Every generation deserves its own SHAFT. The tough-as-nails detective from the 1970s (first portrayed by Richard Roundtree) was reinvented by Samuel L. Jackson in 2000. And now, nearly two decades later, both Roundtree and Jackson will be teaming up with Jessie T. Usher for a brand-new take on the classic detective.
In this updated sequel, directed by Tim Story, Jessie T. Usher plays John “JJ” Shaft Jr., an FBI agent and cybersecurity expert whose best friend is murdered. Anxious to figure out who did it, JJ turns to his father, John Shaft II (Jackson), for help in investigating the crime. The sequel opens on June 14, and tickets just went on sale, so grab yours now.
During a recent trip to the SHAFT film set, CinemaBlend spoke with Usher about the way the cast is approaching SHAFT 2019. He opened up about how he’s exploring this character and refining him for a new generation.
“What Sam did [with SHAFT 2000] was an extension of what Richard created, like who he was,” Usher said. “But when we meet JJ, we see there’s a whole different take on what a SHAFT can be — like how he carries himself, how he speaks, how he walks, how he dresses, how he interacts with people. It’s immensely, like, it’s vastly different. So, you see an entirely different type of SHAFT living in a whole different world, and then those two worlds eventually clash and become intertwined. And you get an even newer version of SHAFT. It’s like a third, evolved generation of SHAFT.”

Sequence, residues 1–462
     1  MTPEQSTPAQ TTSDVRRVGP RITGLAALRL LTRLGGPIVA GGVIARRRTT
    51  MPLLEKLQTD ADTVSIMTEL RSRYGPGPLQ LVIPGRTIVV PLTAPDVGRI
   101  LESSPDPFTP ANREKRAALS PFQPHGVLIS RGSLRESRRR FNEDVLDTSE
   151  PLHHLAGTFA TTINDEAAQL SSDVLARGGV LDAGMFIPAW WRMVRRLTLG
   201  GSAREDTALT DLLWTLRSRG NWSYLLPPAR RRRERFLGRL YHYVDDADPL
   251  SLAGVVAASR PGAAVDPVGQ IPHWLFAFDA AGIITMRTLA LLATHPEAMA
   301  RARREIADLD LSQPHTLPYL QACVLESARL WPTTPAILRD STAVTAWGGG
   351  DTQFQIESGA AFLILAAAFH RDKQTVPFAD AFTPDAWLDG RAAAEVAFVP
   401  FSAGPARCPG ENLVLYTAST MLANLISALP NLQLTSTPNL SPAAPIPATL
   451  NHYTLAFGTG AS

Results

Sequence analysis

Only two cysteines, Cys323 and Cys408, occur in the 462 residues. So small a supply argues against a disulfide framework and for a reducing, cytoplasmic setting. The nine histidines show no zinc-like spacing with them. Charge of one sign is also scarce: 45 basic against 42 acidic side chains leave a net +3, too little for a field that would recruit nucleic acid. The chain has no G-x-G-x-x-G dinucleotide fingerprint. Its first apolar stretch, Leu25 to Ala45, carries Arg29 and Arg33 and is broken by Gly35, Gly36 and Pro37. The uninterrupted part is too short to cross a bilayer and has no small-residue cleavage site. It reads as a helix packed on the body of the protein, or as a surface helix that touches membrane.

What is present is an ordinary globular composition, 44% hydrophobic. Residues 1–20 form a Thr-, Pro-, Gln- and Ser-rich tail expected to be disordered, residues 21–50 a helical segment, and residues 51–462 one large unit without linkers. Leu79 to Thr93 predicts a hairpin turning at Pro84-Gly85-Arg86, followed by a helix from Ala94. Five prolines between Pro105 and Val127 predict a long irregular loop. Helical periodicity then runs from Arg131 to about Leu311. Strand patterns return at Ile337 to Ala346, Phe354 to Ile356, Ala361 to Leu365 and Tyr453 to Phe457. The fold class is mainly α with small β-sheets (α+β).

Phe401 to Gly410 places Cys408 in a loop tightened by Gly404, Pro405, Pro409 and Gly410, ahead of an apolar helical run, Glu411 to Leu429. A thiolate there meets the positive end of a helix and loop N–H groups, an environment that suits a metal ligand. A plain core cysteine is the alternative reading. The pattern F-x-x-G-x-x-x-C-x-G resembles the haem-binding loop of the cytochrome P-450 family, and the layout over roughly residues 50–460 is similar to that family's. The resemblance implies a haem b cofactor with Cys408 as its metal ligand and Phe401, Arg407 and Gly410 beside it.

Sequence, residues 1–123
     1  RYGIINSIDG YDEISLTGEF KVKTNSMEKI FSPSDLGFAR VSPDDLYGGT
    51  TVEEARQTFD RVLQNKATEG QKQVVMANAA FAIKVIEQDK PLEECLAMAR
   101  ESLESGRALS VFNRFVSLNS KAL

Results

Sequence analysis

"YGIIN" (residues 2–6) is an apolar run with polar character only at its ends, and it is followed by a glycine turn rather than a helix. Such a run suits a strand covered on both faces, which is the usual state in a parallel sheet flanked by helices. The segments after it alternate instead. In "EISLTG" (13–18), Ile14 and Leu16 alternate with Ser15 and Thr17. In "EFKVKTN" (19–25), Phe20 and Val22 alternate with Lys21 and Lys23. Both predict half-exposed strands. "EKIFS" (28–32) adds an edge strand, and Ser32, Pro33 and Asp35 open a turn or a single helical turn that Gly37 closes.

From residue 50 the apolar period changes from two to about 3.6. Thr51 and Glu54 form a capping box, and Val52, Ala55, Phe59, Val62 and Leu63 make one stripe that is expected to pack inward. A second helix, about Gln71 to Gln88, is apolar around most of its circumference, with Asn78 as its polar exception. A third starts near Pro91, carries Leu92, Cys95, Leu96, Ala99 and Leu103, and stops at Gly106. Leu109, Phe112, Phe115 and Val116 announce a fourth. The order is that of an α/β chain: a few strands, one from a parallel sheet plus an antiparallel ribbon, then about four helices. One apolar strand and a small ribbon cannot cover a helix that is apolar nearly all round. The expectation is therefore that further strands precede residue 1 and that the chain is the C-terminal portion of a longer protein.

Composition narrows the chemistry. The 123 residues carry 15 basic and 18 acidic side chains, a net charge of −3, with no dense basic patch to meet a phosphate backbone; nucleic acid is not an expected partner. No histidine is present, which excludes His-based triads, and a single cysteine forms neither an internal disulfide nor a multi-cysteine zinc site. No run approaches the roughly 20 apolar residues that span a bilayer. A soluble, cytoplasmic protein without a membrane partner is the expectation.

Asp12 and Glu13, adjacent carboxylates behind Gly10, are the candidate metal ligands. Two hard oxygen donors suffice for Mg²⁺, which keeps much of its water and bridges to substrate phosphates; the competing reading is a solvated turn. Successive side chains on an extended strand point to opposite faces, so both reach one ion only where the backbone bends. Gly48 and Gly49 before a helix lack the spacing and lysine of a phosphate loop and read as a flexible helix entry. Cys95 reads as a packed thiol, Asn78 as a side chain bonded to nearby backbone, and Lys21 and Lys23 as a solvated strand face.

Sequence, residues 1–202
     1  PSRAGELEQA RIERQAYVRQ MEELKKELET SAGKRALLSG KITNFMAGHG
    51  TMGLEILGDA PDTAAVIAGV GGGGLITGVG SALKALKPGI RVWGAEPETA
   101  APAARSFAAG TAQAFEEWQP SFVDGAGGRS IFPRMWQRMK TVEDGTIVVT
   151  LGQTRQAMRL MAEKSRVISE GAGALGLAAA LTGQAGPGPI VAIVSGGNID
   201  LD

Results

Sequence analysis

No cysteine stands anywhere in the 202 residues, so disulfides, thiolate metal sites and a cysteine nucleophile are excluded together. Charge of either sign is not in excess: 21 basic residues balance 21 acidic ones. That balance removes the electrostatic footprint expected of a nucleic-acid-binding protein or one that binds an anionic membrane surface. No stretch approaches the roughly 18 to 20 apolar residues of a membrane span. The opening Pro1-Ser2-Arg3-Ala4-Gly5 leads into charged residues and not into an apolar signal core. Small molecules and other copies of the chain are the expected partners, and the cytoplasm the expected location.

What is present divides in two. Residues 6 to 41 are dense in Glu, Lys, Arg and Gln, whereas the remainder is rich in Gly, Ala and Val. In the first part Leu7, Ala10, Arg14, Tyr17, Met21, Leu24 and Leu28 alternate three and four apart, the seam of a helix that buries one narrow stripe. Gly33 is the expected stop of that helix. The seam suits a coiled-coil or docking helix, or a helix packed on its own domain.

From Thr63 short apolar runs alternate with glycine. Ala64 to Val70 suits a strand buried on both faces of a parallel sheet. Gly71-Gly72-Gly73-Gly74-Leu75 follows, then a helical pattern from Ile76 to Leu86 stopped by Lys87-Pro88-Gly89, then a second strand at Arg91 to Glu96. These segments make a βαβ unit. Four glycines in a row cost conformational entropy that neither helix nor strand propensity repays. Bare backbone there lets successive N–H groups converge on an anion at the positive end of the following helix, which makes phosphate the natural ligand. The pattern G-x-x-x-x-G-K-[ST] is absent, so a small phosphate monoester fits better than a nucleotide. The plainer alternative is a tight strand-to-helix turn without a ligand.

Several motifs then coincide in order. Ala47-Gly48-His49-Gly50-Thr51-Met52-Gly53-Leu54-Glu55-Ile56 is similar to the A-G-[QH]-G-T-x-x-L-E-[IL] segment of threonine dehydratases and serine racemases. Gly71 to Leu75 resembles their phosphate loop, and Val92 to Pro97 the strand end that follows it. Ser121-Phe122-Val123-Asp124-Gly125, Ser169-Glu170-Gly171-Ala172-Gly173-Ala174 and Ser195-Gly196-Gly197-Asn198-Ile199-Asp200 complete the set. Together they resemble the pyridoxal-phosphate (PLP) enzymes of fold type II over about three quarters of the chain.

SHAFT co-star Alexandra Shipp thinks that there’s an even bigger change that director Tim Story and his screenwriters are bringing to this threequel that will set it apart from the modern competition.
“This movie is a different type of SHAFT,” Shipp said. “I think that this new wave of millennial generation movies, it’s always something about social media. What I love about this movie is it’s not about social media; it’s about how millennials are woke, and there’s a difference … there’s just a different viewpoint. He can still have all the swag, but he just doesn’t have to be misogynistic and over the top, because that’s not what millennials are like.”
It sounds like the new SHAFT will speak to a younger generation, moviegoers who wouldn’t connect to the tone and vibe of the 1970s SHAFT, because that was reaching out to a totally different audience. And this is how viable franchises evolve over the years, by changing their viewpoints and attempting to bring new messages that are relevant.
And yet, SHAFT likely will still deliver the action and laughs that have become part of the series since the 1970s. Jessie T. Usher, Regina Hall and Alexandra Shipp will join the icons of the SHAFT saga, Richard Roundtree and Samuel L. Jackson, when SHAFT arrives in theatres on June 14. Tickets are now on sale, so make sure that you have your opening weekend SHAFT seats before they all disappear.